Pork imports are a sensitive issue that has polarized Taiwanese politics. The approved proposal would allow imports of pork from the US – under a trade deal – containing trace amounts of an additive called ractopamine. The KMT opposed the trade agreement.

Another topic of discussion in strategic circles is China’s ties to Russia. It has intrigued more and more experts as both countries have sought to challenge the international order led by the US and its allies.

President Vladimir Putin and Xi held a virtual summit on Wednesday and pledged to strengthen their ties. “While the world has undergone turbulent changes, relations between China and Russia have shown new vitality and energy,” Xi Jinping said at the summit.

Putin revealed that he will attend the Beijing Winter Olympics in person and will likely become the first leader to meet Xi in more than two years. Xi has not left mainland China since his state visit to Myanmar in January 2020.

Also read: China has 88 negative celebrity list as Xi doubles in third term

China in the world news

China’s breakneck progress with its hypersonic missile program has set alarm bells ringing in New Delhi.

Defense Minister Rajnath Singh said India should immediately develop hypersonic cruise missiles to “maintain a minimum of credible deterrence against its enemies”. Although Singh did not mention China in his speech, the timing of the comments suggests that the proposed hypersonic missile program was in response to recent developments.

The US and some allied countries view Huawei’s technology as cheap, but unreliable by cybersecurity standards. But Huawei is contesting the claim and has asked for evidence to prove the allegations. Over the past week, new evidence has surfaced to support the allegations.

The Washington Post revealed that Huawei has assisted multiple Chinese provinces in their surveillance programs. Aftershared the details of 3,000 internal PowerPoint slides, which outlined a surveillance program developed by Huawei with partner vendors.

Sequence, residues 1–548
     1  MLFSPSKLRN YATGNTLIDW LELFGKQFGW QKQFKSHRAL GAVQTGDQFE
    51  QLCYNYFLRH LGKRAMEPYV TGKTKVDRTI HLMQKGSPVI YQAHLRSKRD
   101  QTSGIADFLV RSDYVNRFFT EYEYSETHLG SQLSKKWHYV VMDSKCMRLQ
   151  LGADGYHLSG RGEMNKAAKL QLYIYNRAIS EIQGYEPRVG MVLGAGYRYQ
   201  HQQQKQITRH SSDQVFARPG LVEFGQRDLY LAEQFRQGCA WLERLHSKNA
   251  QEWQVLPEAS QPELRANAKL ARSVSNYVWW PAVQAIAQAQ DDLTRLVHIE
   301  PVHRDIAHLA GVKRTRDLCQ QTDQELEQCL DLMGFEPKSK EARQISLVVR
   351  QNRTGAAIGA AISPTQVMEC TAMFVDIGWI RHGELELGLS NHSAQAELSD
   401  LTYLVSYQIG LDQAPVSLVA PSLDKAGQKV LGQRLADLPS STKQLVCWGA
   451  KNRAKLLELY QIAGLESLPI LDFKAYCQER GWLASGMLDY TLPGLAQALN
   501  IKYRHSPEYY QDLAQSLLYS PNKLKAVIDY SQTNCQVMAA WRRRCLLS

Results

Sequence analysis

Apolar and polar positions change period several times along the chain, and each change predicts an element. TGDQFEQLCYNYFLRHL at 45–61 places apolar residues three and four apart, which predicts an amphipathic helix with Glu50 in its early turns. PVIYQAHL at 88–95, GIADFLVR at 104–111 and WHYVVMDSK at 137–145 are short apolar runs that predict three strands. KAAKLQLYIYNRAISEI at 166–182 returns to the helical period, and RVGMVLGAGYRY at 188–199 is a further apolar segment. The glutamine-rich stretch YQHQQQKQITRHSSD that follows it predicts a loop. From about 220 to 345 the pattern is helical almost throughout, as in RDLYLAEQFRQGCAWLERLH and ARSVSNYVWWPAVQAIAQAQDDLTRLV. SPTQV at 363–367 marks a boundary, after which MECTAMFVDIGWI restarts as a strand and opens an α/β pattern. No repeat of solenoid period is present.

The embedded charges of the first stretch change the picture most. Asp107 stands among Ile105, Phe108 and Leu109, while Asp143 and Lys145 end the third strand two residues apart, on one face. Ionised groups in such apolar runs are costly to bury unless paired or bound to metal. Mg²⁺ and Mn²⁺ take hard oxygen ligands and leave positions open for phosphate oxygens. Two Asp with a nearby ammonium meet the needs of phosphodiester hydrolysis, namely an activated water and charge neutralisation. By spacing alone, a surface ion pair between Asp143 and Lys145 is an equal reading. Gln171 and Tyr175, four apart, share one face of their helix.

Huawei’s troubles didn’t end with The Washington Post story.

Bloomberg later, sources said Huawei was responsible for “advanced intrusion” into Australia’s telecommunications networks in 2012. The report said Australian officials had notified the US of the breach and several national security officials received briefings from Australian and US agencies about it.

The flurry of revelations is not just a coincidence. The US has pooled its diplomatic resources to convince its allies and partners to cut ties with Huawei.

The UAE recently announced it has suspended talks on a $23 billion deal to buy 50 F-35s from the US. The source of tension between the UAE and the US is Abu Dhabi’s reliance on Huawei for its network requirements. The Joe Biden administration wants Abu Dhabi to remove all Huawei equipment and believes Huawei’s presence could leak sensitive data from the F-35 jet. Chinascope told you about a planned Chinese military facility in the UAE.

Huawei wasn’t the only Chinese company to hit the headlines last week.

The US Department of the Treasury and Commerce has collectively added more than 40 Chinese companies to the “Chinese Military-Industrial Complex Enterprises” Entity List and the US Export Entity List.

DJI and several other Chinese companies were added to the US Treasury Department’s list of entities to enable biometric surveillance of Xinjiang’s Uyghur minority. The Ministry of Finance’s “Non-SDN Chinese Military-Industrial Complex Companies List” is a relatively new entity list that explicitly targets companies associated with the Chinese military or law enforcement.